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The Effect of Commercial Geoduck (Panopea abrupta) Fishing on Dungeness Crab (Cancer magister) Catch Per Unit Effort in Hood Canal, Washington

Category: Fish/Shellfish Research and Management - Fish/Shellfish Research

Date Published: August 2007

Number of Pages: 25

Publication Number: FPT 06-12

Author(s): Therese Armetta Cain and Alex Bradbury


Geoduck clams (Panopea abrupta) dominate the biomass of benthic infaunal communities in many parts of Puget Sound, Washington, and support an important commercial fishery (Goodwin and Pease 1989). Since 1971, divers have commercially fished geoducks in Washington by individually extracting them from the substrate with high-pressure water jets. Various crab species, including the large and commercially important Dungeness crab (Cancer magister) are common on many geoduck beds north of Vashon Island in Puget Sound (unpublished Washington Department of Fish and Wildlife [WDFW] dive survey data). Recreational crab pot fishing also occurs on some of these geoduck beds, and some crab fishers have complained that their crab fishing success declines drastically following commercial geoduck harvest.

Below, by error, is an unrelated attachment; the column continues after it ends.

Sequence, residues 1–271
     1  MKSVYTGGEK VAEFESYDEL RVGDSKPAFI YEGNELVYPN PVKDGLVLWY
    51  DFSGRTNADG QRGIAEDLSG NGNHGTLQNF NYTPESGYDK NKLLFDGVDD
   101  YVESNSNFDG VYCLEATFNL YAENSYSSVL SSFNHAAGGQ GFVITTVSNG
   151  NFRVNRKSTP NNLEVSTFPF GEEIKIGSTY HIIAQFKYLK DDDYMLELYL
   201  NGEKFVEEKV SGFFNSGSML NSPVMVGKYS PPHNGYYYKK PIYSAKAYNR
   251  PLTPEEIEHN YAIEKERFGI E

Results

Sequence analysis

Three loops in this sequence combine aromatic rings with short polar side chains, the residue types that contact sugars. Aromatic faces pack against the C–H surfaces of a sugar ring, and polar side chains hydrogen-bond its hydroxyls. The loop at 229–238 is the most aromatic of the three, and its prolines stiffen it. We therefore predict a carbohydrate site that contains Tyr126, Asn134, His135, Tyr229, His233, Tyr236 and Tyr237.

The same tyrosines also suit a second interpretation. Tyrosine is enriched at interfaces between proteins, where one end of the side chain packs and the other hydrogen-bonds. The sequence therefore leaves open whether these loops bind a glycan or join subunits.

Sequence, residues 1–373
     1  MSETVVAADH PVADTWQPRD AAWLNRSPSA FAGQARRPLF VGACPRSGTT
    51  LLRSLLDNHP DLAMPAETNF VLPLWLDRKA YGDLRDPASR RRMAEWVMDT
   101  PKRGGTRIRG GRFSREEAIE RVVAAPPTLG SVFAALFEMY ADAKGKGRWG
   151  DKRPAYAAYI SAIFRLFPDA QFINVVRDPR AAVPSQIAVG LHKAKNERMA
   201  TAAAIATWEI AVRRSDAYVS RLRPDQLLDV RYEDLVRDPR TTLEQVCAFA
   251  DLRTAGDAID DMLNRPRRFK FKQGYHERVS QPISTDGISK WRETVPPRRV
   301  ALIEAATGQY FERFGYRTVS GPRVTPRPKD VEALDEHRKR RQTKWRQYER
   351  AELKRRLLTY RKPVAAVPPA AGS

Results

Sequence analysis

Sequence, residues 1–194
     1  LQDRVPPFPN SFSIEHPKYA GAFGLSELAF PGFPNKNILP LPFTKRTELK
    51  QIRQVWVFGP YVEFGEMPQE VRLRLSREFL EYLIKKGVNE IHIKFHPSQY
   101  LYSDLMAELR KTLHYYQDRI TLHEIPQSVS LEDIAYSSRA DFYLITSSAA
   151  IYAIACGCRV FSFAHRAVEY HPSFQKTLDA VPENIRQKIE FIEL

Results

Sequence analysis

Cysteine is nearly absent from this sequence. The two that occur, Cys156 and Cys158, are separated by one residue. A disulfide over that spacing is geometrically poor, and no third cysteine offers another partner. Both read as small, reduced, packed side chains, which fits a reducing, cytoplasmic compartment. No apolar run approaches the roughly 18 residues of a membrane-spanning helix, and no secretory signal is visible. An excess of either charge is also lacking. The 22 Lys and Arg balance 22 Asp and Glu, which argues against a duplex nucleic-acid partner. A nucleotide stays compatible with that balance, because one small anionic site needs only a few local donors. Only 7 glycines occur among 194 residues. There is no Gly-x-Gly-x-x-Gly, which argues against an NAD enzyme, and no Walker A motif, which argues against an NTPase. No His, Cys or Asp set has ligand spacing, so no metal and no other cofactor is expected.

The objective of this study was to determine if there was a significant effect of commercial geoduck fishing on Dungeness crab fishing catch-per-unit-effort (CPUE). We sampled crabs using baited pots at one site before, during, and after commercial geoduck fishing. Concurrently, we sampled crabs at a nearby unfished site. Both sites were sampled 20 times over a period of 4.6 years. Specifically, we wanted to determine if significant changes in crab CPUE occurred following geoduck fishing in the treatment site, and if any such changes could be attributed to geoduck fishing.